Film Reviews: The Way Back & Inside Job

Peter Weir was, sadly, too in love with all his scenes in “The Way Back” to take the pruning shears to the extraneous stuff. And so this story (word used advisedly) of people walking from Siberia to India to escape Stalin’s murderous regime risks entering tl;dw territory. And the Jesus iconography (crown of thorns, check; knackered feet, check; washing feet, check; ethereal beauty and selfless sacrifice, check and check) goes on for far too long – to quote Oscar Wilde on ‘Christmas Carol’ – you’d have to have a heart of stone not to laugh out loud…
Tragically, there’s this awful montage at the end of the film about the tyranny in Eastern Europe between 1948 and 1989. By this time the Stalinists had mostly done their industrial levels of killing/gulagging [that’s not to say there was anything praiseworthy in those regimes and that the suppression of human rights – and the massacres of 1953, 1956 and 1968 – were anything other than criminality], and if you really wanted gruesome mayhem you needed to be looking at Latin America (Guatemala, much?), Uncle Sam’s balliwick. But that wouldn’t fit the heroic narrative (which is pretty damn phony in itself) quite so well, would it…?
And the final reconciliation between two characters? Oh, pass me the sickbag, puhlease.

Charles Ferguson’s documentary “Inside Job” has just won the Oscar for best documentary. And it’s a pretty good film too. Matt Damon narrates a well-structured and perfect-length/perfectly-pitched look at the mess of 2008 and how “we” got into it, why those who were blind chose to be blind and so forth. Unusually for this sort of film, Ferguson doesn’t just dish out blame to the politicians, regulators and financial ‘whizz-kids’ (sic) but also looks at the economics departments of the prestigious universities and their cupidity, stupidity and complicity with all this. Will it change the world? On its own, of course not. But this is the sort of film that should be a part of anyone’s self-education pack. This, more than Michael Moore’s Farenheit 911, is a tool of cognitive liberation. But it only works if there’s a vibrant, growing, learning, organising and winning social movement behind it.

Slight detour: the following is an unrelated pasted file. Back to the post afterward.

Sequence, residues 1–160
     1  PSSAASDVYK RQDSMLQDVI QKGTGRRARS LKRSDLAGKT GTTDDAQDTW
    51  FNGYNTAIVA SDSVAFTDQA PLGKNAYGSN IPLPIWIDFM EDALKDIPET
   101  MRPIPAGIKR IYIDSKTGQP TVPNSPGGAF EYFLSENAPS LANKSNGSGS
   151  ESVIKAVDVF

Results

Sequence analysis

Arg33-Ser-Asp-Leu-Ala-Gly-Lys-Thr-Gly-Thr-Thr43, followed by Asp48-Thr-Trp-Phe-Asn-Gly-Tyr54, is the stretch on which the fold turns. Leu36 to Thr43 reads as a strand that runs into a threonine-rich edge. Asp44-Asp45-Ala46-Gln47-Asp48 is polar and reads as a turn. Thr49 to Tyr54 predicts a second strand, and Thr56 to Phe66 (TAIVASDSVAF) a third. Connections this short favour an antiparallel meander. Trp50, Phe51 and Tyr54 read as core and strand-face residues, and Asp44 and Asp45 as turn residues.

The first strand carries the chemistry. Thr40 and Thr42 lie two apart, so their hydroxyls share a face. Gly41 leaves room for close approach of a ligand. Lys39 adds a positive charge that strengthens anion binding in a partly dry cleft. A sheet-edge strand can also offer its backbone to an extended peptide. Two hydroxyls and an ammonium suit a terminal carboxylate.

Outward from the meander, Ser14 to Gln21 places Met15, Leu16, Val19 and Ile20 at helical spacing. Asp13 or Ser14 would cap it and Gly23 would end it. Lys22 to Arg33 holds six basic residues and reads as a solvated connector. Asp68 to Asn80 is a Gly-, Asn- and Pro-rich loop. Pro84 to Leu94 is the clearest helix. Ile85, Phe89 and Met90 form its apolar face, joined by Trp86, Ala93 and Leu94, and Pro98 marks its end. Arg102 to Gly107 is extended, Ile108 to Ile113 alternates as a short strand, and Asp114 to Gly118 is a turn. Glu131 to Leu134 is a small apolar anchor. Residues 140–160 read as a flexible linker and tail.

So we’re screwed then.


About dwighttowers

Below the surface...
This entry was posted in film review and tagged , , , . Bookmark the permalink.

Leave a Reply

Fill in your details below or click an icon to log in: Logo

You are commenting using your account. Log Out /  Change )

Google+ photo

You are commenting using your Google+ account. Log Out /  Change )

Twitter picture

You are commenting using your Twitter account. Log Out /  Change )

Facebook photo

You are commenting using your Facebook account. Log Out /  Change )


Connecting to %s